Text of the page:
21 Icons of Millennials, Gen Xers, and Baby Boomers

My Saturday mornings, and other periods of free time throughout the week, are currently occupied by research and writing for a book manuscript I have due at the end of June.

One of the most helpful books I’ve been reading as I’ve been writing is called The Next America by Paul Taylor and the Pew Research Center. The book is based off of Pew’s treasure trove of demographical data and is intended to show the difference between American generations and what “the next America” may look like.

This weekend, as I was writing, I came across a section in which Taylor lists different icons from the Millennial, Gen X, Baby Boomer, and Silent generations. (Most of my research only goes back to Baby Boomers, so we’re going to leave the Silent generation out of this blog post.)

I thought these icons gave a fascinating look into the different generations, and I wanted to share his list of icons with you. Some of the icons below are from Taylor’s book, but I have added a number of my own as well:

Millennial Icons (born 1981-1995)

Mark Zuckerberg

Founder of Facebook—b. 1984

Taylor Swift

Musician—b. 1989

LeBron James

NBA Player—b. 1984


Musician—b. 1981

Jennifer Lawrence

Actress—b. 1990

Justin Bieber

Musician—b. 1994


Most Popular YouTuber in the World—b. 1989

Gen X Icons (born 1965-1980)

Will Smith

Actor—b. 1968

Mariah Carey

Musician—b. 1970

Adam Sandler

Actor—b. 1966

Tiger Woods

Golfer—b. 1975

Jennifer Aniston

Actress—b. 1969

Derek Jeter

MLB Player—b. 1974

Keith Urban

Musician—b. 1967

Baby Boomer Icons (born 1946-1964)


Musician—b. 1960

Barack Obama

Former President of the United States—b. 1961

Bill/Hillary Clinton

Former President and Secretary of State of the United States—b. 1946, 1947

Michael Jordan

NBA Player—b. 1963

Steve Jobs

Co-Founder of Apple—b. 1955


Musician—b. 1958

Tom Hanks

Actor—b. 1956

It is kinda cool to see how each generation’s icons are a bit different and show how times have changed. Obviously, there are at least a dozen other people that could have made this blog post because they’re considered “icons” for one reason or another, but I think this is a pretty good list that represents various spheres of influence.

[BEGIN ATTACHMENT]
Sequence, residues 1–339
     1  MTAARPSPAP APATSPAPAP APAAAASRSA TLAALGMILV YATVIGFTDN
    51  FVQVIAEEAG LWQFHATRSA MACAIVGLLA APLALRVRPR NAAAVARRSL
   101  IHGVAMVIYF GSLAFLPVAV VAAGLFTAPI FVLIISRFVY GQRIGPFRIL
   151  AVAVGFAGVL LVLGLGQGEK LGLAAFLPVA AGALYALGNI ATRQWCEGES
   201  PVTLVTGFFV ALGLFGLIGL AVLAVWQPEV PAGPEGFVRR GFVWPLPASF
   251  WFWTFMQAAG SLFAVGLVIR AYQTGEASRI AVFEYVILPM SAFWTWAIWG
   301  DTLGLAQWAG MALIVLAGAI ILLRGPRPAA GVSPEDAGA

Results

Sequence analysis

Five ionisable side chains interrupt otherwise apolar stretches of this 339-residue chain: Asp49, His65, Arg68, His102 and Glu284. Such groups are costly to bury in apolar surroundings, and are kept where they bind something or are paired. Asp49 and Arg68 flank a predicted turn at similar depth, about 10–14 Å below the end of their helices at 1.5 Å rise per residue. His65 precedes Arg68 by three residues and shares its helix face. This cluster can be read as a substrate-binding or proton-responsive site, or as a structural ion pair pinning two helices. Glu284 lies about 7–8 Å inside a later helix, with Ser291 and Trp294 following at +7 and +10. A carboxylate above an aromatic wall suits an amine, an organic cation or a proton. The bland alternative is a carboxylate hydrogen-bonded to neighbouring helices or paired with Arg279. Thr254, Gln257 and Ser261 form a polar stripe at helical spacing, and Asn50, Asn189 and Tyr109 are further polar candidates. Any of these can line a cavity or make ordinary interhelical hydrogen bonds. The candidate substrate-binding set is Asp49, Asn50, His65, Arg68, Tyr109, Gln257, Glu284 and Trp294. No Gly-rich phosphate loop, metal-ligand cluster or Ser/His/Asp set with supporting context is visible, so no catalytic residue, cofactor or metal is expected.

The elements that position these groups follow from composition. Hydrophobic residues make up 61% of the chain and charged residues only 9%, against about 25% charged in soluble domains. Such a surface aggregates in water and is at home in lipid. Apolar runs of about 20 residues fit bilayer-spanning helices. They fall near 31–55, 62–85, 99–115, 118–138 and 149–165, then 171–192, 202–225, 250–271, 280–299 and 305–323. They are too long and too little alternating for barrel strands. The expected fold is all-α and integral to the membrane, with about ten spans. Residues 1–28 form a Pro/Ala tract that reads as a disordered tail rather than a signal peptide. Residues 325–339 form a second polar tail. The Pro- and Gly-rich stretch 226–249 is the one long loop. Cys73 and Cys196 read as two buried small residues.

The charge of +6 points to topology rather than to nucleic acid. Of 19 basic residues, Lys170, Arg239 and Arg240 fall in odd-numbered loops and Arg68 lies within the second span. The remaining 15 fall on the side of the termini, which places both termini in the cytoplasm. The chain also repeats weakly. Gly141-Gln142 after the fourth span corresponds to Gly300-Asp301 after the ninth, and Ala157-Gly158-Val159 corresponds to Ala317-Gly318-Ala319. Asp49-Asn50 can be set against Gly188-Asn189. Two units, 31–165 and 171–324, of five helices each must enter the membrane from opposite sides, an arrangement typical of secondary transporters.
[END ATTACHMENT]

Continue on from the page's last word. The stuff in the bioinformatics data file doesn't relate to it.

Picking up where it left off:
Who would you have added and why?

What I’m Reading: 10 Books You Might Enjoy

I’m always reading something. Reading multiple books at one time tends to stress me out, but the way life is right now, that’s just how it is. While I would prefer to read one book at a time, just to keep focus, I usually find myself reading a book or five for school, a book for work, and a book for pleasure all at the same time. Over the summer, I’ve been reading a bunch, though not for pleasure as much as I’d like.

Here are 10 books I’ve read the last few months along with some thoughts on them.

1. 1491 by Charles Mann


I’m only part of the way into this book as other items in life have demanded my attention, but I am loving this one so far. Last fall, when Susie and I stopped by Niagara Falls while we were in New York for one of my speaking engagements, I was grieved by how commercialized the area around the Falls is. As we passed the trinket stores and t-shirt stalls, I thought, “Man, I wish I could have been part of one of the Native American groups that stumbled upon this place while out foraging for food or other resources. How majestic that must have been.”

This, along with a natural interest in history, led me to begin what will almost certainly be a lifelong research project into what the Americas, particularly the area now occupied by the United States, were like before Europeans invaded and took over. I did a bunch of research to find the best resources on what a pre-European America must have been like, and I am starting with Mann’s 1491. It has been fascinating so far. I encourage you to pick it up if you’re interested in such things.

2. Evangelism Handbook by Alvin Reid


In pursuit of my Master of Divinity degree, this summer I am taking an evangelism course with Dr. Alvin Reid. His book Evangelism Handbook is the second best book I’ve ever read on the topic, sitting behind only Robert Coleman’s The Master Plan of Evangelism. Dr. Reid’s text is a helpful handbook, really, to help its readers better live on mission in their everyday lives. It helps make sharing the gospel seem less intimidating and more like a natural outworking of a Christian’s life.